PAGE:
With regard to small-molecule OSD, a Metrics client had developed a simple direct-blend capsule formulation consisting of three potencies: 2mg, 10mg, and 50mg capsules. The manufacturing process had been scaled up to an automated encapsulation process. While the 2mg capsule drug load was about 1.5%, the drug load of the dose-proportional strengths 10 and 50mg were 10%, respectively, explains Thomas B. “Brad” Gold, PhD, Vice President, Pharmaceutical Development, Metrics Contract Services.
This presented a few problems. First, blend uniformity values for the 2mg potency were unacceptable and were confirmed with content uniformity that likewise did not meet specification. Second, the capsule sizes used were on two extremes (Size 4 and Size 00), which were considered to pose patient compliance issues (size 00) and manufacturing issues (size 4) during the automated encapsulation process.
To resolve these problems, Metrics scientists improved blend uniformity by incorporating a geometric blending strategy with alternate blending and sieving steps. The blend was milled before adding the final geometric portion of excipients. Also, Metrics scientists collected and tested blend uniformity samples at pre-determined points during blending to optimize blending time. Bend uniformity improved significantly with this strategy, says Dr. Gold.
Subsequently, scientists developed a granulation process for a compressed tablet dosage form, which theoretically would address both blend uniformity and capsule size issues. “The result was a successfully developed and manufactured lead tablet formulation using a dry granulation process,” he says. “Blend uniformity improved significantly for the tablets, as did content uniformity. Moreover, scientists made all the required tablet strengths in patient-friendly sizes and shapes.” Clinical trial material is scheduled for manufacture in Q3 2020, pending stability results of the tablets.
“Biotech and pharma sponsors select Quotient Sciences as their formulation and manufacturing partner because they need program acceleration,” says Nutan Gangrade, Global Vice President, Pharmaceutical Sciences, Quotient Sciences. “Scientific expertise, technical competence, and quality are paramount, but being able to shorten drug development times for our customers by more than 12 months is a game changer.”
One way to improve efficiency and shorten development timelines is to break down the barriers between product manufacturing and evaluation in clinical trials. Quotient Sciences has bridged this gap by establishing an operational platform called Translational Pharmaceutics® that integrates formulation development, real-time product manufacturing, and clinical testing. “By combining the work of CDMOs and contract research organizations (CROs) in one offering, outsourcing and program management are simplified and streamlined, and development times and costs are significantly reduced,” he says.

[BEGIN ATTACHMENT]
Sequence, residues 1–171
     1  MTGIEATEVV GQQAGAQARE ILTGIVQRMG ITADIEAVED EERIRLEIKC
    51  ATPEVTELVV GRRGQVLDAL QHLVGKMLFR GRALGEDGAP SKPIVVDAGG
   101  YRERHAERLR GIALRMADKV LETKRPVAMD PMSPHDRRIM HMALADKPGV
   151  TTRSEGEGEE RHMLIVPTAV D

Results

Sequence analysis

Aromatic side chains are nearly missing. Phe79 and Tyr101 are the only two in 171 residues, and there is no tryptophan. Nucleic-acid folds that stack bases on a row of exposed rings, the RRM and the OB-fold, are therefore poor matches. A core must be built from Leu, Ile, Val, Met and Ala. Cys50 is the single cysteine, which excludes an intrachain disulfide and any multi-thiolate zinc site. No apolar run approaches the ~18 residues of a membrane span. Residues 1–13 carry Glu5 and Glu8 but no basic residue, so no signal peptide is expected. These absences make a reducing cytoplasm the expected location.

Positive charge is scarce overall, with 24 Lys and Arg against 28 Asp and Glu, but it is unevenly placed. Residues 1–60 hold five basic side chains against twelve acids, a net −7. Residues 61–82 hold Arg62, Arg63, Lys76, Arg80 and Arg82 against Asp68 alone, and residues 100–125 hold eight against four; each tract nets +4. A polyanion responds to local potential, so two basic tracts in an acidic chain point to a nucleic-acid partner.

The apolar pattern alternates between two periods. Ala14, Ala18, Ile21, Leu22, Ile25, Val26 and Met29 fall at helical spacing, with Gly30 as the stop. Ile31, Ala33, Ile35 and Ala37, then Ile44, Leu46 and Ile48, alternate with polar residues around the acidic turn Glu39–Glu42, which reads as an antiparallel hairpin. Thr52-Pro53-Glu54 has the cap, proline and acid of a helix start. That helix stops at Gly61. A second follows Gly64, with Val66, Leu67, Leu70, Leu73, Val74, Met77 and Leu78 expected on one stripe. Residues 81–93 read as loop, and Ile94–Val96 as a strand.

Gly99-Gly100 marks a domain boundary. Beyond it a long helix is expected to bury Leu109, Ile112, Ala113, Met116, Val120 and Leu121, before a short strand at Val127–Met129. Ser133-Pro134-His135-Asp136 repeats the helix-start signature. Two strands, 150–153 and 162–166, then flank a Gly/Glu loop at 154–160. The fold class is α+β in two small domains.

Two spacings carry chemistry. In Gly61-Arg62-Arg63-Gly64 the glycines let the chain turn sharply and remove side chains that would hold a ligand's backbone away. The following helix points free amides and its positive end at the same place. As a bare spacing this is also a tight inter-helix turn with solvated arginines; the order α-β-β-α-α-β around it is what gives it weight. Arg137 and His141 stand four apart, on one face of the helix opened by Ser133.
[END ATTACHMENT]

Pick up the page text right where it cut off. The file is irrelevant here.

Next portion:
The outcomes from a recent study by Tufts Center for the Study of Drug Development (CSDD) demonstrate that Translational Pharmaceutics creates substantial benefits to pharma and biotech companies compared to traditional multi-vendor development approaches. The Tufts CSDD team evaluated data provided by Quotient for a range of programs conducted over the past decade, including actual dates taken from executed Translational Pharmaceutics project plans. A group of independent industry consultants provided benchmark data for conventional timelines for similar programs to enable comparison and identification of time and cost savings.
Although the Translational Pharmaceutics platform can be applied to nearly any development project, the Tufts study focused on three applications with small molecule oral drug candidates: the transition from first-in-human to proof-of-concept; the development of drug products that required enhanced solubility through formulation control; and the development of modified-release formulations. The Tufts CSDD research concluded that applying the integrated approach of Translational Pharmaceutics to the programs resulted in mean time savings of >12 months and R&D cost reductions of >$100 million per approved molecule.
Mr. Gangrade says that Quotient Sciences has developed state-of-the-art facilities in the UK and US for formulation development, GMP manufacture of clinical trial materials, and for running adaptive development programs. To date, Quotient has completed more than 400 programs using Translational Pharmaceutics with molecules across the development spectrum, including the acceleration of first-inhuman to proof-of-concept programs, the optimization of clinical formulation compositions, and as part of late-stage or lifecycle management programs (505(b)(2) projects).